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Secondary investing giant Lexington Partners has blown past the target for its latest co-investment fund.

The New York-based firm has closed its Lexington Co-Investment Partners V LP fund with $3.2 billion, surpassing its initial $2.5 billion target. The new vehicle is more than 33% larger than its predecessor, which closed on about $2.36 billion in 2017.

Lexington makes passive, minority investments mainly in U.S. and European companies alongside buyout and growth funds through its co-investing strategy, which it set up initially for the Florida State Board of Administration in 1998. Over the years, the program has expanded to accommodate other institutional investors seeking to capitalize on co-investment opportunities, which are regarded as offering a way to reduce fees tied to alternative investments.

Lexington’s co-investment strategy is led by firm partners Bart Osman and David Outcalt in New York and James Pitt in London.

Mr. Osman said the co-investment program has enabled Lexington to assemble a more diversified portfolio than it could have through primary funds while reducing risk and giving its investors the benefit of lower fees and carried-interest costs.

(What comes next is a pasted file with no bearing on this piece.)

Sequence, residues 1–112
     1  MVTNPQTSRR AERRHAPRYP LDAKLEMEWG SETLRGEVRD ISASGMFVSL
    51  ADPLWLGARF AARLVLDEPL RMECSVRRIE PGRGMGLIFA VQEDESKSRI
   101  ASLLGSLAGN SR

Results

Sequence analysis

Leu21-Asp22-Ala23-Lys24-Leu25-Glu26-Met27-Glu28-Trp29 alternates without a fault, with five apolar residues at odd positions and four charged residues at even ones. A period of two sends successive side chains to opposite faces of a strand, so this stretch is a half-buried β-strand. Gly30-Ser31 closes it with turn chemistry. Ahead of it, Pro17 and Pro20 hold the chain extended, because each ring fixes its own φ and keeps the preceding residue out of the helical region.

The latest fund received commitments from 13 investors, including three who haven’t participated in the firm’s previous co-investment vehicles, Mr. Outcalt said. Returning investors on average increased their commitments by 25%, he added.

New investors contributed significantly smaller amounts, collectively representing just 7% of the total, Mr. Outcalt said. The latest fund’s investors include seven from the U.S. that committed an aggregate of $2.1 billion, he said, adding that the rest are from Europe, Australia, Latin America and Asia.

The makeup of the fund’s investors parallels its investment focus, with plans to deploy 65% to 70% of its capital in the U.S., 20% to 25% in Europe and the rest in other regions, Mr. Outcalt said.

Almost 20% of the latest fund has already been invested, he said.

Mr. Osman said Lexington’s co-investment funds bring together institutional investors that want to make co-investments but can’t duplicate the strategy because of regulatory mandates or staff limitations.

Through Lexington’s funds, Mr. Osman said these investors gain access to Lexington’s co-investment deal flow that is pooled with opportunities that the various investors receive from their general partners, creating a “club approach” to selecting the best investments.

Lexington plans to invest $25 million to $100 million per deal from the new fund, making about 40 transactions each year to construct a diversified portfolio across industries, geographies and vintage years, Messrs. Outcalt and Osman said.

Since inception, the firm’s co-investment program has invested $7 billion in more than 400 companies alongside funds led by over 170 sponsors, Mr. Osman said.

According to documents from the Minnesota State Board of Investment, Lexington’s fourth co-investment fund produced a net internal rate of return of about 16.2%. The public pension investment manager committed $200 million to Lexington’s earlier fund and has pledged $300 million to its latest co-investment vehicle.

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